Let’s look at another photo I think reveals the limited capability of the ZR2. In side profile, we can see that while the new bumpers may look extreme with their large wheel cutouts, they don’t actually do an awful lot for the Colorado’s very limited approach angle. Sure, you can nuzzle a wheel up to a rock a little easier, but the outright height and steepness of a step you can drive onto is not considerably improved from the stock truck’s weak 17-degree approach. No official angles have been announced yet for the ZR2. Combine that with long wheelbase, and we’re just not looking at the angles necessary for a true rock crawler here. Hit some boulders and those standard rock rails and aluminum skid plates are going to take a beating. Do you really want to trust your brand-new $35,000 to $50,000 (official pricing has yet to be released) truck to aluminum skid plates and plastic bumpers?
What the ZR2 gets right is the fitment of standard front and rear locking differentials and the way they’re integrated into the truck’s electronic safety systems. The presence of both front and rear lockers is currently unique in the pickup market, and is a major advantage to the ZR2’s capability in mud, sand, and other soft off-road surfaces. You’ll remember from our AWD versus 4WD explainer that a true 4WD system locks the speed of the front and rear axles together, significantly boosting traction. Locking differentials then lock the wheels together on each axle, maximizing available traction. In showroom form, only the most-capable trucks come with locking rear differentials, traditionally leaving the aftermarket to fill the need for the front axle. That Chevrolet is including a front locker in this package is awesome.
It’s also awesome how well those diffs are integrated into the ZR2’s electronics. Obviously, the driver can activate them individually in both 4WD high and low ranges, but you’ll also be able to lock the rear differential in 2WD, which is suitable for high-speed, desert-racing-style driving. Additionally, the Colorado’s traction control is said to be able to activate the differentials automatically, making their advantages accessible to less-experienced drivers who leave electronic safety aids switches on while off-road. Loan a n00b friend this truck and he’s less likely to call you five minutes later for help getting it unstuck.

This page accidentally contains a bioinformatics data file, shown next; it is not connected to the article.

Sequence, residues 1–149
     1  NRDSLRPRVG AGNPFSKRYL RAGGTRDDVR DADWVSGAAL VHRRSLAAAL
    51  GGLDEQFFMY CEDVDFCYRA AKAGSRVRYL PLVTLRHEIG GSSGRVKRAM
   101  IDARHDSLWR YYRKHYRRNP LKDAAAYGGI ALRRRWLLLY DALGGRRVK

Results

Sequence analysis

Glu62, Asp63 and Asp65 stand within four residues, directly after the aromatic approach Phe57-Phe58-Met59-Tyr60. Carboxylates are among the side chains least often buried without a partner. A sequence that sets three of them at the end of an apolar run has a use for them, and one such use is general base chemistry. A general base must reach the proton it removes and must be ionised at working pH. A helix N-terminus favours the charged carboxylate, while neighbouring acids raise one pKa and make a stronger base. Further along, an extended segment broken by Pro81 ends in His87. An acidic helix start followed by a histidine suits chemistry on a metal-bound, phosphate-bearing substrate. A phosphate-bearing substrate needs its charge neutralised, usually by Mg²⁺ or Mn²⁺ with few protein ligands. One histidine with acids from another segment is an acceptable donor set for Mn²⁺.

The ZR2 has the TRD Pro matched on tire size and comes with an additional inch of lift compared to that rival. Which is one reason the Chevy’s tires look so wimpy in those big arches. But while the ZR2 packs an extra diff and an extra inch over its Japanese rival, I don’t think we’re looking at a much more capable truck.
The ultimate point of both packages is to provide a halo vehicle for the Colorado and Tacoma ranges while offering some off-road ability in a truck that can be easily financed or leased. Don’t believe the hype with either the ZR2 or TRD Pro—if you really want to get your truck dirty, you still need to turn to the aftermarket. Parts like steel bumpers will genuinely improve your angles while protecting your fragile bodywork and allowing you to mount accessories like winches and lights. Larger (33-inch minimum) tires will more easily clear obstacles, but necessitate more lift. Higher-quality aftermarket shocks that mount their most fragile components out of harm’s way will massively improve ride quality both on the road and off. Genuine underbody protection is capable of taking multiple impacts without damage.
Yes, all that stuff is expensive, but some dealers make it possible for you to package quality aftermarket equipment into your finance payments when buying a new truck. We drove one such vehicle earlier this year, and it would run circles around this ZR2 for what’s ultimately a similar spend. It’s the easy availability of those parts that make the Tacoma our continued recommendation for off-road use in the midsize truck category, despite the inferiority of its engine and transmission compared to the Colorado. If you really want to buy a new pickup for off-road use, buy a no-frills Tacoma, upgrade it with quality aftermarket components, and you’ll have something genuinely capable.
Is the ZR2 better than the TRD Pro? Clearly. But if you really want to go off-road, you shouldn’t buy either.